machaut_music_novaMusica Nova has recorded the Motets.  Formed in 2000, the Musica Nova ensemble unites singers and musicians under the artistic direction of singer and conductor Lucien Kandel. A passionate quest in search of emotion through music drives the group to produce a diverse musical programme. From the Middles Age to Baroque, Musica Nova departs into various musical periods and universes. The ensemble approaches its music with an eye for historical accuracy, through the use of original manuscripts. Working with the documents from the era is conducted with reflection upon the musical rules of the time (such as musica ficta and pronunciation) as well as the intended nuances of the pieces. The singers and musicians read their music in facsimile and their interpretation of it is thus inevitably modified. The result is a sound, a movement, a line, which makes Musica Nova so exceptionally rich and vibrant; the acoustic of which transports the listener; temporally and spiritually. The Musica Nova Ensemble appears on prestigious stages in France and all over the world. Recordings of their works are available, some of which have set the standard for current adaptations of the musical style. The ensemble approaches its music with an eye for historical accuracy, through the use of original manuscripts. Working with the documents from the era is conducted with reflection upon the musical rules of the time (such as musica ficta and pronunciation) as well as the intended nuances of the pieces. The singers and musicians read their music in facsimile and their interpretation of it is thus inevitably modified. The result is a sound, a movement, a line, which makes Musica Nova so exceptionally rich and vibrant; the acoustic of which transports the listener; temporally and spiritually. The Musica Nova Ensemble appears on prestigious stages in France and all over the world. Recordings of their works are available, some of which have set the standard for current adaptations of the musical style. (Musica Nova Wikipedia article.)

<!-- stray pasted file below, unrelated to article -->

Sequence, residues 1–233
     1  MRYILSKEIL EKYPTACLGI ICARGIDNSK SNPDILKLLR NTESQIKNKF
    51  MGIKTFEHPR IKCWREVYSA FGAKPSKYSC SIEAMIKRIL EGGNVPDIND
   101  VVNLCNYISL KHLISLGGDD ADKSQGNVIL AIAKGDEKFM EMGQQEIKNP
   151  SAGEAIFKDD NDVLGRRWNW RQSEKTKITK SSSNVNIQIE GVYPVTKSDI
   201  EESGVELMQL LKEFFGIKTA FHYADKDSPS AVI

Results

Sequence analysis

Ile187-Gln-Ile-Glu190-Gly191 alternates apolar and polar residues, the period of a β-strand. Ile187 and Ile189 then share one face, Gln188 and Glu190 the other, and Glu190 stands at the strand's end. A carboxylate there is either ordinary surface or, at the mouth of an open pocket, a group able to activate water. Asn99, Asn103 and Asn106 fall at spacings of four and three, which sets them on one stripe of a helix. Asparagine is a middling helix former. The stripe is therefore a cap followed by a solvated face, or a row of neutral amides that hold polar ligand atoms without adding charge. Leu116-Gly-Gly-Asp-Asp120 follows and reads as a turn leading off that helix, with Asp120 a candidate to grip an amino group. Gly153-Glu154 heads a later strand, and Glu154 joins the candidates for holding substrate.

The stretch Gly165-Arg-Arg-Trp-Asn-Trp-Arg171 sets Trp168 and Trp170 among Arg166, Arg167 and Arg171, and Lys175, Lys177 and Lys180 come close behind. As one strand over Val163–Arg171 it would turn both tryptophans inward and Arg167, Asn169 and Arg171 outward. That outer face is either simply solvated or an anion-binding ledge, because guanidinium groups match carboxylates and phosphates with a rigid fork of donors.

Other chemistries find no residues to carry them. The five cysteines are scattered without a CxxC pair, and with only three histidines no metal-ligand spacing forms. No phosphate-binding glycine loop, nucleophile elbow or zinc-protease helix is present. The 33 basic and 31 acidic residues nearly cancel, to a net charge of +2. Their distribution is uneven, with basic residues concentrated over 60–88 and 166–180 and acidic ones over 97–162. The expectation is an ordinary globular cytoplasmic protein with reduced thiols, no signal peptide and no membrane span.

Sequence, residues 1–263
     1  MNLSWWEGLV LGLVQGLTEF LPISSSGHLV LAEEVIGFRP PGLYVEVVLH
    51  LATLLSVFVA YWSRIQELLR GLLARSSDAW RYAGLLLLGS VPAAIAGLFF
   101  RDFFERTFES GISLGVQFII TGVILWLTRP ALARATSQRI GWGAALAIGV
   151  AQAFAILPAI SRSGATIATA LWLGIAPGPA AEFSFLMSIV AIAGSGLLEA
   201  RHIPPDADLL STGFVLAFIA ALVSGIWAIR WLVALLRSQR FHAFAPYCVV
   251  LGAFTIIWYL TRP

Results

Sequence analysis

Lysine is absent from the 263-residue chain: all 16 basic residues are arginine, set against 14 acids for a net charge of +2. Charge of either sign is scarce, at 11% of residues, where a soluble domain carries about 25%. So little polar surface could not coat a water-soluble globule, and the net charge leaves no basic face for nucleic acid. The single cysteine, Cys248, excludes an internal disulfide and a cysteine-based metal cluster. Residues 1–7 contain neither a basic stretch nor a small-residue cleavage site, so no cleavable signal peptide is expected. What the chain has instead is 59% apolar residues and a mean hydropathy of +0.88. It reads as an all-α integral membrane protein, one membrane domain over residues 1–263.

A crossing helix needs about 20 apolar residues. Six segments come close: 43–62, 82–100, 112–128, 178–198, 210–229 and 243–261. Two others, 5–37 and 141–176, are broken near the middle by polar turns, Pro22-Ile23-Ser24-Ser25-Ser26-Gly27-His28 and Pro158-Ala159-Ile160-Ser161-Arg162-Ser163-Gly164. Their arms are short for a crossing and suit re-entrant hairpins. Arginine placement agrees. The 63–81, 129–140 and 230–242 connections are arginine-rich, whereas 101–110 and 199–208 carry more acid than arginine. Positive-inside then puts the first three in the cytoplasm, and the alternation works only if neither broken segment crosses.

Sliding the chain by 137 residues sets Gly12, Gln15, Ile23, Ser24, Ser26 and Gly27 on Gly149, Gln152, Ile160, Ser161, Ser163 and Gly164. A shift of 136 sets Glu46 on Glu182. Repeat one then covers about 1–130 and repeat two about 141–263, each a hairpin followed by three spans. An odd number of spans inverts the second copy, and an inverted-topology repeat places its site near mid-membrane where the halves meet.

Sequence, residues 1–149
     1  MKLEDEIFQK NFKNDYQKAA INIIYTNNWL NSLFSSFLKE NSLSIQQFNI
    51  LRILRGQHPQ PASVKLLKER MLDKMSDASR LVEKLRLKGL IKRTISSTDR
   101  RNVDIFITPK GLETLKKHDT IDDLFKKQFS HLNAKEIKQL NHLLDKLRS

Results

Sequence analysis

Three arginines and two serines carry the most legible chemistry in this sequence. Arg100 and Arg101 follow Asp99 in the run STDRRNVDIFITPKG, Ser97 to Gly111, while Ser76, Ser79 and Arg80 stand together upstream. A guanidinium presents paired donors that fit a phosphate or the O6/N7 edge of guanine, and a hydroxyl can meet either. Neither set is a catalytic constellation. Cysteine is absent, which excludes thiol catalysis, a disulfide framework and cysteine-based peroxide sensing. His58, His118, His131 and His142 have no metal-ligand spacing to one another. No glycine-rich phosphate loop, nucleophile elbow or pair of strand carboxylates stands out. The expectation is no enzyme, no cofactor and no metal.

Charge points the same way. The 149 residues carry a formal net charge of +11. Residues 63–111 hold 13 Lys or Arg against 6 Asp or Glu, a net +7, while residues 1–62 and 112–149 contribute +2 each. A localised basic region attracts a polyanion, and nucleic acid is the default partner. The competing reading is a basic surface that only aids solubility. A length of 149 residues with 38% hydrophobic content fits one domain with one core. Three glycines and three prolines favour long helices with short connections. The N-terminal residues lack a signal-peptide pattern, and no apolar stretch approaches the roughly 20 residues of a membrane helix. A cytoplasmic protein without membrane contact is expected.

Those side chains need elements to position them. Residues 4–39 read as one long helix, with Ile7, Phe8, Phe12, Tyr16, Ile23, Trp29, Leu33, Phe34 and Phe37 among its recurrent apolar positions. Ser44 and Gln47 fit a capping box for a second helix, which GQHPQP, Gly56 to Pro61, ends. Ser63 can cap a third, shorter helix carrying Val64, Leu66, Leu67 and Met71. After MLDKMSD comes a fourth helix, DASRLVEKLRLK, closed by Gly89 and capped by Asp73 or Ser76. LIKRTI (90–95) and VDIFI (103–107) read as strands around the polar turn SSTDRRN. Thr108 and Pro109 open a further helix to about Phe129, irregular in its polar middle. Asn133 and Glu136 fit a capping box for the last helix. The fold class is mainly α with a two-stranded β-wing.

And one of the best, although by a group no longer together is this one put out by the Ensemble Project Ars Nova.  It is tragic this group is no longer recording since their work was some of the best in this repertory.

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As I said at the beginning of this article, Machaut’s music is very well represented on recordings, and there are dozens of very good CDs to choose from.  What I hope to do is to excite your interest in listening to Guillaume de Machaut.